Good thing Marco Scutaro is still around. To put it another way: Good thing the Red Sox didn't trade from depth simply because they had it. Stockpiling proven veteran talent is always going to be one of their crucial advantages as a big-market team . . .
Scanning Drew Sutton's minor-league numbers, it's curious why he hasn't received a legitimate shot elsewhere. He's produced everywhere he's been, and you'd think he'd have received a decent shot with the Astros given his multi-position versatility . . .
The Adrian Gonzalez deal has been nothing short of perfect from the Red Sox standpoint, but I hope it ultimately proves a win-win for both sides, and I think it will. Anthony Rizzo is a very easy kid to root for, and doesn't he remind you a little of Mark Teixeira at the plate? . . .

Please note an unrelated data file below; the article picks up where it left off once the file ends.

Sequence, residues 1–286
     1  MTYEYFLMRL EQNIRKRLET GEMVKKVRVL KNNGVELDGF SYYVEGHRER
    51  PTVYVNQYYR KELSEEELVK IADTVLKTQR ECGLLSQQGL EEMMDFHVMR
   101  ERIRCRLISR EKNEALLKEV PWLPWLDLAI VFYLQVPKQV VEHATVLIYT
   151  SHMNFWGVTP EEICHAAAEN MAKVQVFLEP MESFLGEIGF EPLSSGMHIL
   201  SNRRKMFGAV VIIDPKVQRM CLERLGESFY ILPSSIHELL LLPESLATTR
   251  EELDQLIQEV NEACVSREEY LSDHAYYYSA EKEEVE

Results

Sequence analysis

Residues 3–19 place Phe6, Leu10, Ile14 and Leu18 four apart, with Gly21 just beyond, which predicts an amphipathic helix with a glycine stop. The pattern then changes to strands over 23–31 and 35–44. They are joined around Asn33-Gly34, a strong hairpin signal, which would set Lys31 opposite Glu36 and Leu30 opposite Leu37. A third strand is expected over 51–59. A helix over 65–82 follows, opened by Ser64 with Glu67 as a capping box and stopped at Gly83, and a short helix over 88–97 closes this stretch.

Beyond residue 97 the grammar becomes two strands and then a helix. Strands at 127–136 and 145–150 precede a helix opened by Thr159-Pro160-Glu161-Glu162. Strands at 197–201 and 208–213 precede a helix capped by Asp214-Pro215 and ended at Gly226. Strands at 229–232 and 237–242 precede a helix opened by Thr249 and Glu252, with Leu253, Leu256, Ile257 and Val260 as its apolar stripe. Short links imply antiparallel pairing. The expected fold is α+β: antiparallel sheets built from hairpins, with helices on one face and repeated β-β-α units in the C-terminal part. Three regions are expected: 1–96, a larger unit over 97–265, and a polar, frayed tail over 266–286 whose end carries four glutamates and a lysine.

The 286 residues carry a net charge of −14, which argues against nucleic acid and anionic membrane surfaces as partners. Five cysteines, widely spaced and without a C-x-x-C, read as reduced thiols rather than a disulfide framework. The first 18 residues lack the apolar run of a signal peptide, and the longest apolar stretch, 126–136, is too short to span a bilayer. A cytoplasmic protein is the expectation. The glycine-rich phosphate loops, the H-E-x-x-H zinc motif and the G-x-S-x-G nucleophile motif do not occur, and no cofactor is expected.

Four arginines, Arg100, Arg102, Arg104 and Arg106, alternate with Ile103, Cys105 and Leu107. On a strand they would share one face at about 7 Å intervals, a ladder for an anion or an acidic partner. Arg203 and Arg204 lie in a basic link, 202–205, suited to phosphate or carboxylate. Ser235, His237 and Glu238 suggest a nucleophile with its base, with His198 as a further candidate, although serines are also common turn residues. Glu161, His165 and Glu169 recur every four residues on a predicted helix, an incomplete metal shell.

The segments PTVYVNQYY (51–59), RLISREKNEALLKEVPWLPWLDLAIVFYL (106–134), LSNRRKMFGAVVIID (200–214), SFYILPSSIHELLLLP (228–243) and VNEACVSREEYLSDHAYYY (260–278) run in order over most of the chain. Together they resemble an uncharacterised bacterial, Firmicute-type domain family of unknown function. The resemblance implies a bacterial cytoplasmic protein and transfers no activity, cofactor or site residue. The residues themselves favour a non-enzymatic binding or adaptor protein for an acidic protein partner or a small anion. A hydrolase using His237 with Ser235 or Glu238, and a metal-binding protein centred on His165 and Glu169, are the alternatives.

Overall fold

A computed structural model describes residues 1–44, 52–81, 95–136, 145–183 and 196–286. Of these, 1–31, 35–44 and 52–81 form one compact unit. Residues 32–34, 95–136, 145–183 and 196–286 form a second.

CBSSports.com has Jacoby Ellsbury on pace to bat .313 with 18 homers, 54 steals, 207 hits, 85 RBIs, and 117 runs scored. Take it for what it's worth considering the site also has him on pace to play 164 games, but even with some faulty math, the conclusion is obvious: Ellsbury is having a truly phenomenal season, and even if his .351 BABIP suggests he's due to come back to earth, he's playing at a level that even his most ardent fans probably didn't imagine coming off his lost 2010 season. I've been wrong about a lot of things, but I don't know if I've ever been more wrong about any one thing than I've been about what Ellsbury was capable of this season.
About Touching All The Bases
Irreverence and insight from Chad Finn, a Globe/Boston.com sports writer and media columnist. A winner of several national and regional writing awards, he is the founder and sole contributor to the TATB blog, which launched in December 2004. Yes, he realizes how lucky he is.